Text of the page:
James Lemaux from Southwestern Energy will give the EGLS talk this Friday Apr 13th

James Lemaux from Southwestern Energy will be giving a talk on Friday Apr 13th titled:

"Understanding and Predicting Fayetteville Shale Gas Production Through Integrated Seismic-to-Simulation Reservoir Characterization Workflow"

James W. Lemaux received his B. Sc. in Applied Geophysics from Michigan Technological University in May, 1995.  Jim immediately returned to school, attending Rice University where he focused on Plate Tectonics and understanding the southern boundary of the East African Rift system and where it intersected the Southwest Indian Ridge.

After receiving his M.A. in 2000, Jim joined BP working as a geophysicist in the Deepwater Gulf of Mexico for a year before moving with BP to Alaska.  Jim spent the next six years working as a development geophysicist in Prudhoe Bay and on shallow heavy oil sands in Milne Point.  In 2007, Jim decided to return to Houston with BP and spent the next 3 years working on the Tuscaloosa trend in southern Louisiana.  Jim joined Southwestern Energy in August, 2010 working in the Fayetteville basin both as a regional geophysicist and as a microseismic interpreter on the Fayetteville Tech Team.  Professional activities include Society of Exploration Geophysicists (SEG), American Association of Petroleum Geologist (AAPG) and the Houston Geophysical Society.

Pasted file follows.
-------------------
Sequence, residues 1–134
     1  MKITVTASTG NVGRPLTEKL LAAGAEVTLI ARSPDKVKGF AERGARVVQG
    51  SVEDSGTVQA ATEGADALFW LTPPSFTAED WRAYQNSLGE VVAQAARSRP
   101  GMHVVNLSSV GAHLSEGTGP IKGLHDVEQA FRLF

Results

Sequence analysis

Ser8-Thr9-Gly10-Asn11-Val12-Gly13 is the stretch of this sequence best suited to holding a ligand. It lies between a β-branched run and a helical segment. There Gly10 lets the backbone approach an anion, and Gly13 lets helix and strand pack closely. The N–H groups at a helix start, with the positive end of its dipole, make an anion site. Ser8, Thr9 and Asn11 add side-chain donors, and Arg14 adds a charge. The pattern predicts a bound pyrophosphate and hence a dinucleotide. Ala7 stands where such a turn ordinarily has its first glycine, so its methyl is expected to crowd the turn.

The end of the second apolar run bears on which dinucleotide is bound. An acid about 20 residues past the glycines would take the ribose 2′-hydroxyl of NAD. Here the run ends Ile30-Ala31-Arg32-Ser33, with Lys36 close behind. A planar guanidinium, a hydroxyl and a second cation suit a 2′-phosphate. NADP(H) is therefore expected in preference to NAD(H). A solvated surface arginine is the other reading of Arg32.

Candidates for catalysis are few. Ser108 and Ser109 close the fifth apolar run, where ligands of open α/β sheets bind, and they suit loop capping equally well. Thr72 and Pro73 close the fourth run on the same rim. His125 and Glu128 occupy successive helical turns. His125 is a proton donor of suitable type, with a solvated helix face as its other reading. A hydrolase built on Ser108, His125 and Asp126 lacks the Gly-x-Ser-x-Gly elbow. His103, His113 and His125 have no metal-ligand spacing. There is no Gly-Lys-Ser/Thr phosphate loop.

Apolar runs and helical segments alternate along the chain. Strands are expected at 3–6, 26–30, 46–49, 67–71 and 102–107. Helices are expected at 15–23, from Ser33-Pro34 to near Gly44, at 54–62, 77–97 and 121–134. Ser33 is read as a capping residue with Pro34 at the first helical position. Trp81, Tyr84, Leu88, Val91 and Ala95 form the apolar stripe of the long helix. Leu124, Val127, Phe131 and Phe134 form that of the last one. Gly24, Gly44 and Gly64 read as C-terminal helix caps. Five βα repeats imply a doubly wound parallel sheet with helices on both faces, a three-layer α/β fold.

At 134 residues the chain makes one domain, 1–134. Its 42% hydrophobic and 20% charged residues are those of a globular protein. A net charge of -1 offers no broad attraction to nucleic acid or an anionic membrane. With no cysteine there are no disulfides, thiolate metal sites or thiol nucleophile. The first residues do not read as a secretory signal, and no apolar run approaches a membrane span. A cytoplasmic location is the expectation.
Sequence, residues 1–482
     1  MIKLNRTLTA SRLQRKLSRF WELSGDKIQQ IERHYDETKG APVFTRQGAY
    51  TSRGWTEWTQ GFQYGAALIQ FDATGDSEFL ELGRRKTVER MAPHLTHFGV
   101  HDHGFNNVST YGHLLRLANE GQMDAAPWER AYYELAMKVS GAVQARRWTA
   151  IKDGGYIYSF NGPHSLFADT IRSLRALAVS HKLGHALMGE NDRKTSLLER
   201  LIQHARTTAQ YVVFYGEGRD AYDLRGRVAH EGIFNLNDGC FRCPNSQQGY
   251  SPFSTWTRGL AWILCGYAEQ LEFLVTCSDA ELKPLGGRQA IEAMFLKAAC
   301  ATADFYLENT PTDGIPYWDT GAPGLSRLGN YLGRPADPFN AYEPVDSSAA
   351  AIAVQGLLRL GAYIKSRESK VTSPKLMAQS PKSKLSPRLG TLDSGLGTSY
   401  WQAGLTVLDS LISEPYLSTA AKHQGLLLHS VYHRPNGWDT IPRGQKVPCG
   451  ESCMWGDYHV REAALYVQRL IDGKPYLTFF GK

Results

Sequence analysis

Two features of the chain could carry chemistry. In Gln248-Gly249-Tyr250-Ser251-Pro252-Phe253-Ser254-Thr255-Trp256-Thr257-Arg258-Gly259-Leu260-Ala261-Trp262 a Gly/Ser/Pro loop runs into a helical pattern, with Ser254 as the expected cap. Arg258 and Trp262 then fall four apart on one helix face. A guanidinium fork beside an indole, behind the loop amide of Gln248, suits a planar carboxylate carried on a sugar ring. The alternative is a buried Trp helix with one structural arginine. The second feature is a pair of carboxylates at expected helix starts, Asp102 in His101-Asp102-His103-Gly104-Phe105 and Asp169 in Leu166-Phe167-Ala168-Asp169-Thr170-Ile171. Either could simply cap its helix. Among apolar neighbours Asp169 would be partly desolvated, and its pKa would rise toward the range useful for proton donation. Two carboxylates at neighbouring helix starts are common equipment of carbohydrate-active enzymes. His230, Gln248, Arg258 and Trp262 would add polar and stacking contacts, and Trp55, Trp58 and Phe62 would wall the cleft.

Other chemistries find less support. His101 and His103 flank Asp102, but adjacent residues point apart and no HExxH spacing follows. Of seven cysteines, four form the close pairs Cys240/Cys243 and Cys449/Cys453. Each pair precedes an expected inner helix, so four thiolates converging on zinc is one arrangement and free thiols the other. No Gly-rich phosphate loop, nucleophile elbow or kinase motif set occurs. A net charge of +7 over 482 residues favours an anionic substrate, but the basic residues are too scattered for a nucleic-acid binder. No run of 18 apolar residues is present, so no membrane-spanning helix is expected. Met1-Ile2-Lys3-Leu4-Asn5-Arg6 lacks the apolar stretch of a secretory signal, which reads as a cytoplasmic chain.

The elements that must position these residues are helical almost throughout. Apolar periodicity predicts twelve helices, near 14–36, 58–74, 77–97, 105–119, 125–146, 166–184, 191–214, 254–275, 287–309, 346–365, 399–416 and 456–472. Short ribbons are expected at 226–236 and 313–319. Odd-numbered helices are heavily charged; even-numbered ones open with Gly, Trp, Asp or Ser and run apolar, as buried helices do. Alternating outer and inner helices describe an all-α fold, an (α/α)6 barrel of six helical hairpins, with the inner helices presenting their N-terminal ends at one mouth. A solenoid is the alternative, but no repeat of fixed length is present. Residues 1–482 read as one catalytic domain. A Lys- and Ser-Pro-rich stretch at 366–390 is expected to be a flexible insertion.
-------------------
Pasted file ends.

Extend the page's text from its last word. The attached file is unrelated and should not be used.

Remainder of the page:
This will be the 14th lecture in our Exploration Geophysics Lecture Series. It is open to anyone interested in geophysics and will begin at 1:00pm in the Science and Research Building 1 (SR1), room 634.

Pizza will be provided!

Feel free to share this information.

We hope to see you there!

For a complete list of past and future EGLS lectures, visit:

http://www.segwavelets.uh.edu/egls

 

Abstract

An integrated reservoir characterization project was undertaken to model major factors which are believed to most influence Fayetteville shale reservoir producibility and to determine whether the model could be sufficiently constrained to predict areas of higher gas production performance.  Objectives of the project were to: 1) Utilize all existing data including seismic to build the characterization model, 2) Perform reservoir simulation and understand data requirements for a predictive model,  3) Understand the impact of production time on the model predictability. 

A reservoir model was developed through the integration of all available well, log, petrophysical, sonic, image, core, stimulation, production, microseismic data and processed surface seismic.  This static reservoir model was used to history match the short- and long-term production performance and its variations across the exploration area.  History matching production profiles of multiple wells is a critical step towards understanding the key production drivers in unconventional shale gas formations. This workflow involves extensive use of 3D surface seismic to develop a velocity model and to distribute reservoir properties.